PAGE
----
The British Library has fully digitized one of Leonardo da Vinci’s visionary notebooks, ‘The Codex Arundel’, and anyone is free to view and browse the prized historical artifact in amazing high-resolution detail. The British Library has uploaded 570 high-res images of the notebook, which features a collection of papers written in Italian by Leonardo da Vinci (b. 1452, d. 1519), in his characteristic left-handed mirror-writing (reading from right to left), including diagrams, drawings and brief texts, covering a broad range of topics in science and art, as well as personal…

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It’s a very special day for Harry Potter fans. Here’s why.

Still waiting for our owlImage: WARNER BROS. Welcome to our weekly series “Cry of the Week,” in which we highlight whatever moment made us ugly cry on our couches the most in the past seven days.  Today, Sept. 1, 2017, was the day that a wrinkled Harry James Potter stood on platform 9 3/4, waving goodbye to his three children as they rode off to school on the Hogwarts Express.   And we’re still not done crying about it. Set a full nineteen years after Harry’s defeat of Voldemort, the…

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Alan Rickman: 10 key performances

From the Sheriff of Nottingham to Severus Snape, Alan Rickman played some of the most memorable roles cinema had to offer. Here are 10 of the best After graduating from drama school in 1974, Rickman pursued a successful career in theatre, culminating in an award-winning performance as Valmont in the premiere run of Les Liaisons Dangereuses in 1985. Before that, however, he had made his mark on screen, a Bafta for best supporting actor. Close My Eyes Another change of pace for Rickman, taking top billing over Clive Owen and…

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Neil Gaiman: Why our future depends on libraries, reading and daydreaming

A lecture explaining why using our imaginations, and providing for others to use theirs, is an obligation for all citizens Its important for people to tell you what side they are on and why, and whether they might be biased. A declaration of members interests, of a sort. So, I am going to be talking to you about reading. Im going to tell you that libraries are important. Im going to suggest that reading fiction, that reading for pleasure, is one of the most important things one can do. Im…

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100 best nonfiction books: No 80 – The Natural History and Antiquities of Selborne by Gilbert White (1789)

This curates beautiful and lucid observations on the wildlife of a Hampshire village inspired generations of naturalists The Rev Gilbert White was that now extinct species, the unmarried Oxbridge don in holy orders. A lifelong curate and a fellow of Oriel College, White devoted himself to observing flora and fauna at large in the natural world, a sequence of observations for which he became world famous. In 1755, after the death of his father, he returned to the family home in Selborne, settling for comfortable obscurity in a remote Hampshire…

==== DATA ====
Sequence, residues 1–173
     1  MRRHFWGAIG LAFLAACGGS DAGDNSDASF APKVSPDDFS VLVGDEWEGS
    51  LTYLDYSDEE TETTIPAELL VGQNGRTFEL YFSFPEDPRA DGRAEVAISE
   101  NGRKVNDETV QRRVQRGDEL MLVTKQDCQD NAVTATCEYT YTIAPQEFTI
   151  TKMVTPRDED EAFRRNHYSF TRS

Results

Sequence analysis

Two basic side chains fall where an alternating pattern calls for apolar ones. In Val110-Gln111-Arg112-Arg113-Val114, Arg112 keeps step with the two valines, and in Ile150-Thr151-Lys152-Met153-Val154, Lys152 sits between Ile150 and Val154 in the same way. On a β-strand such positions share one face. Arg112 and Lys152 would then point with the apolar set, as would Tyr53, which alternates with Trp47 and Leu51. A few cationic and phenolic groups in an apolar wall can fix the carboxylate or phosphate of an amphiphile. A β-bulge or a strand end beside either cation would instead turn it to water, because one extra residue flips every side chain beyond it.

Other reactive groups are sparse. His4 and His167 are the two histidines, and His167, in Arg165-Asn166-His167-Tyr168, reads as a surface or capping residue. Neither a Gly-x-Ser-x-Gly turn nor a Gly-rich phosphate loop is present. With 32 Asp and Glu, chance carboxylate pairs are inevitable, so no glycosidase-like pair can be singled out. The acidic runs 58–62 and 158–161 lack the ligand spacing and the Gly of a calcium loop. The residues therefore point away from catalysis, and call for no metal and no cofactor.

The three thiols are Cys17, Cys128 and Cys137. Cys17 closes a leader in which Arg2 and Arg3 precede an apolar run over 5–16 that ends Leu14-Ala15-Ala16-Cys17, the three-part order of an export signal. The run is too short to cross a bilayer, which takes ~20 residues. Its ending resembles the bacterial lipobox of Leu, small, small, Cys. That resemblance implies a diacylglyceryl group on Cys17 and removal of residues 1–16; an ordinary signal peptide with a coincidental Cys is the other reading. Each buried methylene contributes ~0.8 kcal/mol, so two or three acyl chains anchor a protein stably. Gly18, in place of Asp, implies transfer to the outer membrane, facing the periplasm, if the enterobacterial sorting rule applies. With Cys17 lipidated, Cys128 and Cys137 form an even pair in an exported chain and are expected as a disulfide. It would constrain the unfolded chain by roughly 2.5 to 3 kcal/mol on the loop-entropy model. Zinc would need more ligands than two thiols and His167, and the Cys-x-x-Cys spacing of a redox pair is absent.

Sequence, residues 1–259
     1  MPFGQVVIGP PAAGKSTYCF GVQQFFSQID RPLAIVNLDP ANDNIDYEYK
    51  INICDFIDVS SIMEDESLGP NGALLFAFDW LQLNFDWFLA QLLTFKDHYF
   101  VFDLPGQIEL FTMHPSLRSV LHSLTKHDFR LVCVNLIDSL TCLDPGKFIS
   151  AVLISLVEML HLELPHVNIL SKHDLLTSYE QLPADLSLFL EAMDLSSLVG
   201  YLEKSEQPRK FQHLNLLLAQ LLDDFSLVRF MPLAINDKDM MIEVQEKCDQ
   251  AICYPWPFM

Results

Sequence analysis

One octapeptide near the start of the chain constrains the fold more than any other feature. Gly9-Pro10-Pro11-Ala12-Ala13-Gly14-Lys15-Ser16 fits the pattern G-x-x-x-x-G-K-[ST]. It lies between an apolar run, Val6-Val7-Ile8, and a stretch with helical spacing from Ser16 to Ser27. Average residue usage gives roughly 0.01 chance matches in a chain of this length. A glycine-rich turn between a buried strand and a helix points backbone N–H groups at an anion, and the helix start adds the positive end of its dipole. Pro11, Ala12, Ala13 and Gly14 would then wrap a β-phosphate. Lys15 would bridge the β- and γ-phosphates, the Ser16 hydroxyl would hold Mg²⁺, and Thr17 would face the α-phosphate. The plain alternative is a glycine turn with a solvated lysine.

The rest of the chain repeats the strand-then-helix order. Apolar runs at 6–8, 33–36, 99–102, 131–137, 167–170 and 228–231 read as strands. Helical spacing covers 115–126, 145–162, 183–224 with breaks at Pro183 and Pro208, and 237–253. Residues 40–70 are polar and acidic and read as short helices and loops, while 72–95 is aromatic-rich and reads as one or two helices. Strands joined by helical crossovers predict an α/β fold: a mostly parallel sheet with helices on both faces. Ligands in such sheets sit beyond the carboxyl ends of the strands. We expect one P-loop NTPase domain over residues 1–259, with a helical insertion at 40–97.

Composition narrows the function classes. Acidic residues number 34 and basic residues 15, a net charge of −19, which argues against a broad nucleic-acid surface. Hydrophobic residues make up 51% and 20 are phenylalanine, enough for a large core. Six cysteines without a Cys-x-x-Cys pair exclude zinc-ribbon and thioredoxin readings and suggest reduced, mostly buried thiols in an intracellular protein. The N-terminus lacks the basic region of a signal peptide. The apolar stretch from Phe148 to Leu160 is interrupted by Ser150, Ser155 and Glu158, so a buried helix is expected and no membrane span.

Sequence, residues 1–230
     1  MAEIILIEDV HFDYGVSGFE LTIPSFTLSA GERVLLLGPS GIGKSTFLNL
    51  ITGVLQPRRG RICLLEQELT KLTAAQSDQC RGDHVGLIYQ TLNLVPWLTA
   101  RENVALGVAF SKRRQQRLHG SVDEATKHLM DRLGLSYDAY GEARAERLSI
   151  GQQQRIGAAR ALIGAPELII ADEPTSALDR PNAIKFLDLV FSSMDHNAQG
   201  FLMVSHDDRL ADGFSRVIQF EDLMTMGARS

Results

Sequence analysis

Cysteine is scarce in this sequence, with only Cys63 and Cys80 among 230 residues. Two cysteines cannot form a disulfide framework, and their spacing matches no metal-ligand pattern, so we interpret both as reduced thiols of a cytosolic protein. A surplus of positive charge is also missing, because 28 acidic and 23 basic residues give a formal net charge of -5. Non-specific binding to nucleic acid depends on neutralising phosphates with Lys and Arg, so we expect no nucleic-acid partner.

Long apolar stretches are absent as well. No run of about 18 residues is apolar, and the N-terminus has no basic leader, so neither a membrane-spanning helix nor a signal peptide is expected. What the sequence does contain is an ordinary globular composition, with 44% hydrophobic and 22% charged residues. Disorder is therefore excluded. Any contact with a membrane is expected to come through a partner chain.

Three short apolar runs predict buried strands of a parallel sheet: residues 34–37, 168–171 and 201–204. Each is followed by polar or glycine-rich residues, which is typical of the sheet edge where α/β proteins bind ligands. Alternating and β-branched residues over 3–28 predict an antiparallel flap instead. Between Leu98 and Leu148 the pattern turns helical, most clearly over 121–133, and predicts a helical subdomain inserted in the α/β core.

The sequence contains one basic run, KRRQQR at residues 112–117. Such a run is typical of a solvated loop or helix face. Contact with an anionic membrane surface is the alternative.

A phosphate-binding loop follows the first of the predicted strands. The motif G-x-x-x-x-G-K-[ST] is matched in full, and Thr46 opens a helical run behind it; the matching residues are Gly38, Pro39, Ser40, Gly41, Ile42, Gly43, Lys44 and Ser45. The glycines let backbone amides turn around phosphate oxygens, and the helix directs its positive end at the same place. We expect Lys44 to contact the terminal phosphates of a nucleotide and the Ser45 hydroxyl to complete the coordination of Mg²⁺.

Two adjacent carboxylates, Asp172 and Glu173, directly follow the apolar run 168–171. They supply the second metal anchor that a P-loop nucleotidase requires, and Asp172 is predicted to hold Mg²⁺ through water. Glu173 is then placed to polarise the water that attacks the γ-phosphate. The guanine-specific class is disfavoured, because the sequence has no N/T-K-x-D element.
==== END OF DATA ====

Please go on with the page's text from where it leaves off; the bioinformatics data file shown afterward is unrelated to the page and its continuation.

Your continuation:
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Crimes of the Father by Thomas Keneally review something rotten in Catholicism

The Booker prize winners powers remain undimmed, as he shines a light on institutionalised abuse, and denial, in the Catholic church, It is over half a century since a young the church turns a blind eye. Psychologist and monk Father Frank Docherty is, his younger brother says (and no doubt speaking for the author), the real bloody deal as far as priests go. Exiled by his home cardinal in Sydney as a young priest in the 1970s, on account of his radicalism, opposition to apartheid and the Vietnam war, he…

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Why we fell for clean eating

The long read: The oh-so-Instagrammable food movement has been thoroughly debunked but it shows no signs of going away. The real question is why we were so desperate to believe it In the spring of 2014, Jordan Younger noticed that her hair was falling out in clumps. Not cool was her reaction. At the time, Younger, 23, believed herself to be eating the healthiest of all possible diets. She was a gluten-free, sugar-free, oil-free, grain-free, legume-free, plant-based raw vegan. As The Blonde Vegan, Younger was a wellness blogger in New…

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Henry David Thoreau by Laura Dassow Walls review radical, unsettling, relevant

A superb new biography of the seer of Walden Pond reconsiders his reputation as tax-refuser, recluse, environmentalist and writer In March 1845, Henry David Thoreau borrowed an axe and set off for Walden Pond, near his home in Concord, Massachusetts. He was going to build a hut, and he knew exactly where: on a spot near the water, backed by a pine grove and fronted by smaller pines and a chestnut tree. Before stopping for his first lunch break, Thoreau had cut and trimmed enough of these pines to make…